Disaster Risk Reduction

About disaster risk reduction

Disasters put hard won development achievements at risk, reversing economic growth and progress towards the elimination of poverty; cause environmental damage; and result in human suffering. Investing in disaster preparedness before a natural hazard occurs reduces the need for humanitarian action. Every dollar spent on preparing for disasters saves around seven dollars in economic losses.

Our Goals

UNDP helps develop the capacity of governments in over 60 countries to respond to disasters and mitigate the risk they pose. UNDP is guiding policy; training communities and first responders; helping planners; and integrating disaster risk reduction strategies into national development plans.

Disaster recovery activities are often an opportunity to integrate improved disaster resilience into communities and build back better. Emergency employment schemes to rebuild a bridge are an opportunity to build something that will resist future earthquakes or floods; debris that is removed can be used to strengthen embankments to prevent landslides or flooding.UNDP spends an average of over US$ 150 million annually to increase resilience to natural hazards.

Our stories

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In FYR Macedonia, early warning for disasters only a swipe away

In the Former Yugoslav Republic of Macedonia, a UNDP-supported mobile application helped reduce the risk of suffering and damage during recent flooding. “Three days of heavy rain flooded hundreds of homes around here. We were cut off for two days and without drinking water, but at least we were ablemore

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Nepal: Bamboo keeps villagers dry

“When my village floods, which it does almost annually, we never know how bad it will get. Some people lose their whole house, most will lose some crops and everyone will be affected in some way,” says 32 year-old Ms. Sita Gaire, of Shivamandir village in Southern Nepal. Mother of two Gaire lives imore

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Reducing the risk of disaster in Armenia

Hovhannes Arakelyan has witnessed hundreds of floods in his remote village of Sipanik, in Western Armenia. "I have seen smashed roads, houses, and crops, and disasters used to diminish our hope for a better life," says the 72-year-old. Sipanik’s regular inundation when the Hrazdan River flmore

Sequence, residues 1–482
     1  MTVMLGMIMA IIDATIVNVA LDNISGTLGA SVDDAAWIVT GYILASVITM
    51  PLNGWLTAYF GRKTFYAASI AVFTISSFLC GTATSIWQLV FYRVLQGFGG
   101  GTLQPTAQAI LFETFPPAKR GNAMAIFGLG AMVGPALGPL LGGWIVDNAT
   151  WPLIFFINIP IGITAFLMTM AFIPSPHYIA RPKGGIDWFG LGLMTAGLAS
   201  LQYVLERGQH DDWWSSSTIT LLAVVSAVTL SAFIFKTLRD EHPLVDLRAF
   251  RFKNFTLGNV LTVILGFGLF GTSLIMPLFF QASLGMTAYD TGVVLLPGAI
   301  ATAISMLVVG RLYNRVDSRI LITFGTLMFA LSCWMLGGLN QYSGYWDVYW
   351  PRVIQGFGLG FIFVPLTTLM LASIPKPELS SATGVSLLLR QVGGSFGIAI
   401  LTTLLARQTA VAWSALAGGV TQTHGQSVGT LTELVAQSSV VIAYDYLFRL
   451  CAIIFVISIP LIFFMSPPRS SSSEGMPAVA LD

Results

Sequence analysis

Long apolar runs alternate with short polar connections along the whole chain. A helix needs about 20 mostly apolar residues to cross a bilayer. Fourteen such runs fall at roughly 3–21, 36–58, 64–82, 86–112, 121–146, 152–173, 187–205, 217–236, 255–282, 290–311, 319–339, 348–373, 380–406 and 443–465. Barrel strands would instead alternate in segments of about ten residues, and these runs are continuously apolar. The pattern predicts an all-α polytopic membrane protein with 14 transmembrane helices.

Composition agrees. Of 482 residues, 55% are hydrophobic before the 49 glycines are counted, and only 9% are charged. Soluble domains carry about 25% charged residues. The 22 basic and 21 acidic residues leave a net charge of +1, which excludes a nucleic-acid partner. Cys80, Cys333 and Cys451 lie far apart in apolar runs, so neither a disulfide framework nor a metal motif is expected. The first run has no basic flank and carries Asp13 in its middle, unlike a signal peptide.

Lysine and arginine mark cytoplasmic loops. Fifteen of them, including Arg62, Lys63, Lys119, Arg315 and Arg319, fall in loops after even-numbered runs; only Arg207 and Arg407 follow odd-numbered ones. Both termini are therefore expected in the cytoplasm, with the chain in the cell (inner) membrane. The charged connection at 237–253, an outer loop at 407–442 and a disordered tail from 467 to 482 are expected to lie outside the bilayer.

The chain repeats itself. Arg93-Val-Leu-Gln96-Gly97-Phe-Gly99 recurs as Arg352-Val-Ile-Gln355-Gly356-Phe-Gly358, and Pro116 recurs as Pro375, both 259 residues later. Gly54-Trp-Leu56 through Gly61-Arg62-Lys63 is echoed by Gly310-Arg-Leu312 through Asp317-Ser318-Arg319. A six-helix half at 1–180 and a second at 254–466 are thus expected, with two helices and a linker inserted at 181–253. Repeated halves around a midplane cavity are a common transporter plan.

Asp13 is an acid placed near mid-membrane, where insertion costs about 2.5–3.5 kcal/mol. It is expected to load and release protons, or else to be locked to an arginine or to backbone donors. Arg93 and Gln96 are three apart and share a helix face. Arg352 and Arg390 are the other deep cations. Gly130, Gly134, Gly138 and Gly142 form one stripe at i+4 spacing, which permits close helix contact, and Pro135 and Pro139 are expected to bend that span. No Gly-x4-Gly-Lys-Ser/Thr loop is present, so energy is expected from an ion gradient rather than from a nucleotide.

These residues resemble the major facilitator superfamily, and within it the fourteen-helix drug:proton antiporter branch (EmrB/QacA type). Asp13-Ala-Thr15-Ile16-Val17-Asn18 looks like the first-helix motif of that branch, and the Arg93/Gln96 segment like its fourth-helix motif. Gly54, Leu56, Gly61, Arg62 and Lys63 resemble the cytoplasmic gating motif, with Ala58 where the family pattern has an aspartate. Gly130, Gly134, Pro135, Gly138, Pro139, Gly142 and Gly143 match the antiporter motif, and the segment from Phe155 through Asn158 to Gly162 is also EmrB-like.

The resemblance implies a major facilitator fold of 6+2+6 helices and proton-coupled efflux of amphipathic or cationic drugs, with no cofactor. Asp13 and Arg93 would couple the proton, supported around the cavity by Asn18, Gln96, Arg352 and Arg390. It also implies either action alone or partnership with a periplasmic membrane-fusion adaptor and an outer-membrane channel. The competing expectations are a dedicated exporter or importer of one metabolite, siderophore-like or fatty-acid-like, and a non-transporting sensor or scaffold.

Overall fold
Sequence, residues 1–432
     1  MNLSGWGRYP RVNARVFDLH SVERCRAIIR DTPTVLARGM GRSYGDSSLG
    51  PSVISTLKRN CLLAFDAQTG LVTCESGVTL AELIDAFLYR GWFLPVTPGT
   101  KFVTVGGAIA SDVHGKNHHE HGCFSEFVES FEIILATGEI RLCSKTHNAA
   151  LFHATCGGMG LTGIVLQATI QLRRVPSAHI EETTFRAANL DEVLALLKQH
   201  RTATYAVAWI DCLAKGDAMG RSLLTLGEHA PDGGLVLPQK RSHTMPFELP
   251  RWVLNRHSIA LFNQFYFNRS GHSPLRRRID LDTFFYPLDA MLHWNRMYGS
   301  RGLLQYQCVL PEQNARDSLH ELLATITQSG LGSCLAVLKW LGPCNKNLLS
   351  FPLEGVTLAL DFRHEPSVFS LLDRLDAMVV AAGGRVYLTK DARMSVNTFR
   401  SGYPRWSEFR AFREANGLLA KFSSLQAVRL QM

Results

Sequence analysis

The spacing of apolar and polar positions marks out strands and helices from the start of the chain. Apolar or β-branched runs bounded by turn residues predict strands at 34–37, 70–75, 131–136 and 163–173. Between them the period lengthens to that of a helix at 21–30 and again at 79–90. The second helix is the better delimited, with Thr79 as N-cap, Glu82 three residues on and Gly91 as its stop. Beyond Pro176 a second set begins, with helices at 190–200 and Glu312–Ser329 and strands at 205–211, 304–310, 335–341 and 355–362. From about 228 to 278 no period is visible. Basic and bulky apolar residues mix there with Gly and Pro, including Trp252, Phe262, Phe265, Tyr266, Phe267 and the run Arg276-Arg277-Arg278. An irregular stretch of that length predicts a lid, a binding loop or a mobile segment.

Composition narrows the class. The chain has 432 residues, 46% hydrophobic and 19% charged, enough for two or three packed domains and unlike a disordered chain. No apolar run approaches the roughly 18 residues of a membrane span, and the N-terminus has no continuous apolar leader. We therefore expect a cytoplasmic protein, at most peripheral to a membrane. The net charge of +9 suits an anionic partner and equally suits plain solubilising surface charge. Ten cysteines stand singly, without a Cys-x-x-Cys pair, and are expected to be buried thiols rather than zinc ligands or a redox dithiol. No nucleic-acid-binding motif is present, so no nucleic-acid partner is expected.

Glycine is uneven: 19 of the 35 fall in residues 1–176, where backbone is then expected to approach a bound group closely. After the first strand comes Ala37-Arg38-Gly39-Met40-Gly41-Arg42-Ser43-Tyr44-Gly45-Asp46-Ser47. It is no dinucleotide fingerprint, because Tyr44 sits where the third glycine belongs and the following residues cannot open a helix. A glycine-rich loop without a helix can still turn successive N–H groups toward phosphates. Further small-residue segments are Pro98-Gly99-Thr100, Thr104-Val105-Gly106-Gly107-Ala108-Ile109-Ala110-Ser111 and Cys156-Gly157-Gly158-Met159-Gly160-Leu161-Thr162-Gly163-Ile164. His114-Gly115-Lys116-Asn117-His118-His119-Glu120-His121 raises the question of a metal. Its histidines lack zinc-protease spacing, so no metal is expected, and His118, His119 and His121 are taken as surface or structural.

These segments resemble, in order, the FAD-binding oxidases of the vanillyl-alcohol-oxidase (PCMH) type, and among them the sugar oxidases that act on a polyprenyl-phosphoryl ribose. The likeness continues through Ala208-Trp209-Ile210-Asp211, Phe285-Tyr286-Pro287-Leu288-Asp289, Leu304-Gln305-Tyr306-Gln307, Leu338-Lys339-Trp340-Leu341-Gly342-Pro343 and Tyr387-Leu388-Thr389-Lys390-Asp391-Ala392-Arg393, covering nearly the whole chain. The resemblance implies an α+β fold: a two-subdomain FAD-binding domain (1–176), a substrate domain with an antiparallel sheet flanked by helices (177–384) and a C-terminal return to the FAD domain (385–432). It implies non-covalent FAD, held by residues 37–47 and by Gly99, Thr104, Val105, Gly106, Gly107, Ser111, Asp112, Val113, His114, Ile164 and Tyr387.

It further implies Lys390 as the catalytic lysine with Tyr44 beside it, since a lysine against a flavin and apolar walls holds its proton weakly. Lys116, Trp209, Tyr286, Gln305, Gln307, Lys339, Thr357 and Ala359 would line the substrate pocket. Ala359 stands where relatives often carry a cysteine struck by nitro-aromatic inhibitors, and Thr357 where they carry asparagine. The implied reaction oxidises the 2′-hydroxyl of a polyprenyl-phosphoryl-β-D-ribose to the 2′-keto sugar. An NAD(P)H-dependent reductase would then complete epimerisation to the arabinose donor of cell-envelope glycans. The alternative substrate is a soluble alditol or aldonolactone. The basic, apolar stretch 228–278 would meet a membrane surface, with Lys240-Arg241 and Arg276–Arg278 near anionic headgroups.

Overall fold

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China: Building back better and greener

Before the devastating Wenchuan earthquake in southwestern China on 12 May 2008, 62-year-old Qing Liehua’s main source of income and food for his family was chicken farming. After the earthquake destroyed his home in Qinghe Village, Sichuan Province, however, he lost everything, including his chickemore

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Haitian women rebuild their lives one brick at a time

The main driving force for earthquake-damaged house rebuilding in Haiti is not the government, the private sector, NGOs or international organizations. Families and communities have been playing a vital role, taking the task to build back a more resilient country into their own hands—especially womemore

Projects and Initiatives

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Responding to typhoons in the Philippines

UNDP’s has been working for several years with all levels of government and the people of the Philippines in preparing for disasters likeTyphoon Haiyan which made landfall on 8 November 2013. With record winds and sea surges, the storm caused massive damage and casualties in 9 regions of the Phmore

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Responding to typhoons in the Philippines

UNDP’s has been working for several years with all levels of government and the people of the Philippines in preparing for disasters likeTyphoon Haiyan which made landfall on 8 November 2013. With record winds and sea surges, the storm caused massive damage and casualties in 9 regions of the Phmore

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From disaster relief to risk reduction in Albania

Armenia is prone to natural disasters. Eight out of every 10 persons in the country face the probability of experiencing a natural disaster such as an earthquake, landslide or flooding. The country incurs $33 million in damage from such disasters every year. But thanks to recent efforts, Armenia hasmore

Thematic Briefs